Cool Compound – 悠々自適

Hard to believe that 2020 is finally coming to an end…or is it?

I’ve had a couple of tweets do pretty well the past week, and I’m going to attribute most of the success to sheer luck. I happened to be transcribing a 悩み (nayami, problem/distress/sorrow) from Higashimura Akiko’s podcast (same episode I mentioned in the newsletter this month, just an earlier call) the other day and came across the great compound 悠々自適 (yūyūjiteki), which felt incredibly appropriate to share:

This is definitely my personal goal for 2022, although I do feel like it’s a luxury to be able to completely tune out the outside world. Once I get through the program I’m in, I’m planning to make phone calls for the governor’s races in Georgia and Florida, and I hope you contribute time or money as well.

As for Japanese language study, I do think it’s incredibly helpful to transcribe native Japanese audio from time to time. I find myself doing this for my writing every now and then, usually from NHK or Higashimura-sensei’s podcast, which provides good balance between 報道 (hōdō, broadcast) language and more natural language. It’s obviously helpful to listen to these without transcribing to practice your listening skills at a native pace, but transcription forces you to get in there and confirm particles and verb forms in a way that enables you to then implement the patterns more accurately. It’s not fun work, but if you can set a schedule to do this once a month or so, I promise that you’ll find yourself improving.

I hope that you all find the time to take a breath at the end of the year. I was really looking forward to spending the New Year’s holiday in Japan. There’s really nothing like relaxing in Japan during that period. I will admit that I’ve enjoyed the 80F/24C days in New Orleans I’ve had the past 10 days, and I’m also looking forward to returning to my monastic existence in Chicago. I’m probably putting together a virtual hang for New Year’s Eve, so if you’re a friend of the blog, reach out and I’ll share the link. Otherwise, 良いお年を!

Japanese Stonks

I’m in The Japan Times with a look at the language of investing: “Put your yen to work with the language of investing.”

Initially I was hoping to find out the Japanese equivalent of “stonks,” but it became clear that while there has been a boom in retail investors, not all of them are tuned in to the GameStop madness. Bloomberg has one report in Japanese (a really good read!) which says lack of English skills limited Japanese participation in the mania, but they just put out a new one in English about a bar for stock pickers that suggests maybe there has been some effect from GME.

They point out Satoshi Uehara, and I found another Twitter account X1_droid who is also investing in popular U.S. stocks. I found the term ジャンピングキャッチ (“jumping catch”) initially from their account. I also found an account/bot that translates Elon Musk tweets, and there seems to be a contingency of Japanese followers shadowing some of his moves. However, as the Musk-followers might suggest, these are all fanatics, not the Japanese public more broadly.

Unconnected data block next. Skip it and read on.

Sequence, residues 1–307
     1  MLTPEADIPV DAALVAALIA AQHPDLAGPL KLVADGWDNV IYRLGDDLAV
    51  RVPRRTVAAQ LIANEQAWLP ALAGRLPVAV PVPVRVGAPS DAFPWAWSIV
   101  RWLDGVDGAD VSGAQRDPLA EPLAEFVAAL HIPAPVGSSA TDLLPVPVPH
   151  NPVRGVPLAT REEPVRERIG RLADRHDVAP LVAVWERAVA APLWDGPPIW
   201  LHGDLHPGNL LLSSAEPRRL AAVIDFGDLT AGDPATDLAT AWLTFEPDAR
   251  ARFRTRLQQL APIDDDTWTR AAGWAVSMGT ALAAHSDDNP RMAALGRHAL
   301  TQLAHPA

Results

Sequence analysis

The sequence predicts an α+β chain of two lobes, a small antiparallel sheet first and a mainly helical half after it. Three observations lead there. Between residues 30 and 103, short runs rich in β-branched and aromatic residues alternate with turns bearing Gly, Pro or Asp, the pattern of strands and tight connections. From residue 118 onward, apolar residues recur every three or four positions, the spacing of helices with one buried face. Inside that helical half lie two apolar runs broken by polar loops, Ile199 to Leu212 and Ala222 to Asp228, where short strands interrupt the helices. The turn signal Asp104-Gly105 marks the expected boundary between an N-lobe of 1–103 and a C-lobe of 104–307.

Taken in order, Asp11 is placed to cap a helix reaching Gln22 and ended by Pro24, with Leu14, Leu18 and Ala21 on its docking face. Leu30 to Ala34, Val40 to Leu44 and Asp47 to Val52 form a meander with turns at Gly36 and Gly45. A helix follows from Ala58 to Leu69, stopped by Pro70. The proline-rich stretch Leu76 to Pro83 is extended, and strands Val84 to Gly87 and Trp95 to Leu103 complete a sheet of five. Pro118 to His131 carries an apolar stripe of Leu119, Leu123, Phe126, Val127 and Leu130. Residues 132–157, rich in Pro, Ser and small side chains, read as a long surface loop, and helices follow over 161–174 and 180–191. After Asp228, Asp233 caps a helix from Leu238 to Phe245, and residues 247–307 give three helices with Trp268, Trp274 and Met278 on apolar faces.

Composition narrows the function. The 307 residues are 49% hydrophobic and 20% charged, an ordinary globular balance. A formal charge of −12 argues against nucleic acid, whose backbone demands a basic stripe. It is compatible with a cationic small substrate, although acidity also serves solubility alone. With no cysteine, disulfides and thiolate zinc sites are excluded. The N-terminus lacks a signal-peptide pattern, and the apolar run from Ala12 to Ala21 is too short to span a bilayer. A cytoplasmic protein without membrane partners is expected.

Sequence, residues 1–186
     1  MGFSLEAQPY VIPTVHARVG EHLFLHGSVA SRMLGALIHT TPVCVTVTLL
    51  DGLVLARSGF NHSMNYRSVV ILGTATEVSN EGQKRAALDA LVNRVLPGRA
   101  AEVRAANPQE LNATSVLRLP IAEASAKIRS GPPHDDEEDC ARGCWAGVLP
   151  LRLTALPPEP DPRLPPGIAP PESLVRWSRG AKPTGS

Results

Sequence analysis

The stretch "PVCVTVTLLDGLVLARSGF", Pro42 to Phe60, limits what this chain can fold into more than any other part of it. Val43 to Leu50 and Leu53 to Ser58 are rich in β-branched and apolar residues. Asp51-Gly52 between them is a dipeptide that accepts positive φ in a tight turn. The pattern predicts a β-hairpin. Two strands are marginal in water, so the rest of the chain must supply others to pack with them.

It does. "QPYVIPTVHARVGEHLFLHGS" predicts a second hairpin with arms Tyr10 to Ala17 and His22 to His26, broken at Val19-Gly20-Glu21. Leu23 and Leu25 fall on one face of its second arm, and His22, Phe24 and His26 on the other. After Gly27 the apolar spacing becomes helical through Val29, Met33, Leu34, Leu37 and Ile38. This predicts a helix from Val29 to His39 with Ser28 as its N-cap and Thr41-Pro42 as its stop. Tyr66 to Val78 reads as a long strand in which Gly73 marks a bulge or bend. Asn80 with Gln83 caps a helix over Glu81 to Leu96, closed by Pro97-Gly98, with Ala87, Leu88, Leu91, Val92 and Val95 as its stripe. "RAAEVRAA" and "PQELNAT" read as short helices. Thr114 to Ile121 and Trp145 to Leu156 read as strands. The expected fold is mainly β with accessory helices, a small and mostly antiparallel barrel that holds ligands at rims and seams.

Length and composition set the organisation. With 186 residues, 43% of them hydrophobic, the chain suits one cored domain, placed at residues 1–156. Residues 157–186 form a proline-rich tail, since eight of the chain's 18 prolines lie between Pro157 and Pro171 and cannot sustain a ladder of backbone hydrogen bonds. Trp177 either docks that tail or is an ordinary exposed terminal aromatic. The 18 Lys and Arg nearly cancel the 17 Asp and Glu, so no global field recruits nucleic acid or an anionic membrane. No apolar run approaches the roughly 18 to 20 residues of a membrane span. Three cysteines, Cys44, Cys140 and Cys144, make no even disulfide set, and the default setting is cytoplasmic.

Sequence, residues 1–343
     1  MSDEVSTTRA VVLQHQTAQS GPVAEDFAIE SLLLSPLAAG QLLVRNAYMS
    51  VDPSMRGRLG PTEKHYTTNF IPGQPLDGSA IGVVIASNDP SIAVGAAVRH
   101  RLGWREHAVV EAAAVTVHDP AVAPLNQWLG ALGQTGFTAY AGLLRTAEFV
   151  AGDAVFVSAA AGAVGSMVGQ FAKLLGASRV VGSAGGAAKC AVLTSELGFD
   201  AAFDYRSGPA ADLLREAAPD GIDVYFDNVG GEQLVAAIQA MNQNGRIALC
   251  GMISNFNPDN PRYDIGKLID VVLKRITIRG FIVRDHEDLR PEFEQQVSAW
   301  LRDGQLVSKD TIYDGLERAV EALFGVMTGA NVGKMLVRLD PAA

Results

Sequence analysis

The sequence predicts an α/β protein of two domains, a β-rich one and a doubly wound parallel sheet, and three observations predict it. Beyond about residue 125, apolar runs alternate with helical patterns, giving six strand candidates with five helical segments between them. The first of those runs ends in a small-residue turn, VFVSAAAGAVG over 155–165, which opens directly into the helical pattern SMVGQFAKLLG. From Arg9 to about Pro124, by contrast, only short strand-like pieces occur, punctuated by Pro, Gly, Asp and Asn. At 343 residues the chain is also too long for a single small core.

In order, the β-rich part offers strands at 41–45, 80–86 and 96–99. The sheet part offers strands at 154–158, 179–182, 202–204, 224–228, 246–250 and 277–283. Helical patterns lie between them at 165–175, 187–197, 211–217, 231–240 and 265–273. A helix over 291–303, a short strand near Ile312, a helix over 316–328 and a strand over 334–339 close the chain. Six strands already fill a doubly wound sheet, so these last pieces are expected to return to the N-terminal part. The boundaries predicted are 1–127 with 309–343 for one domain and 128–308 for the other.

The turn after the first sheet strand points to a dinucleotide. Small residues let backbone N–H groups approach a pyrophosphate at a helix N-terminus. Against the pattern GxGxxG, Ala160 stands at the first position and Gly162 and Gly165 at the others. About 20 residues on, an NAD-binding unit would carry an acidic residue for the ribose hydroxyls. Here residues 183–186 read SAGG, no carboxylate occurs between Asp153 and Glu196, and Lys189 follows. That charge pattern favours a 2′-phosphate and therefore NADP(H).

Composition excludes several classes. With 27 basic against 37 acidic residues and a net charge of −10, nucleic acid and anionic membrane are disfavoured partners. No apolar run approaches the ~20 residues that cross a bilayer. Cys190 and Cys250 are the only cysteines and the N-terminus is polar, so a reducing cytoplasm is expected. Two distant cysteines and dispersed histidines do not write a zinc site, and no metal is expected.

In terms of explaining what’s going on, there’s a blogger over at Note who’s been providing some solid Japanese language explanation of “stonks” and GameStop. There may be some other useful posts if there are any slang terms you’ve been trying to communicate to Japanese friends and family.

Cool Word – 仕事納め

I’m back in Chicago after the holidays, the temps have dropped again, and there’s a dusting of snow on the ground, but I’m on the inside looking out, sipping on a hot mug of honey ginger lemon, so no complaints.

I’m done with work for the year!

A Japanese friend’s Facebook post reminded me of the excellent Japanese word 仕事納め (shigoto-osame)—finishing up work for the year. It makes sense that Japan — where New Year’s is absolutely the dominant national holiday — has a word that means wrapping up for the year.

Nothing too crazy going on here – just 仕事 (work) plus a nominalized form of the verb 納める (to complete).

納める is one of those verbs that can have a ton of different meaning depending on context. In fact, the Japanese dictionary provides nine independent usages. Dictionary posts like this are complicated but really helpful if you’re trying to get a true sense of meaning. The dictionary post for 仕事納め is much simpler and good reading practice for beginners.

Update: Check out the 仕事納め hashtag on Instagram for a nice contextual definition of the word and a cool glimpse of how Japan is wrapping up the year.

Cool Word – オブラート

I’m in the Japan Times this week with a look at a couple of websites that I’ve noticed popping up whenever I search for a polite way to phrase something: “When stumped in Japanese, go where the stumped Japanese go.”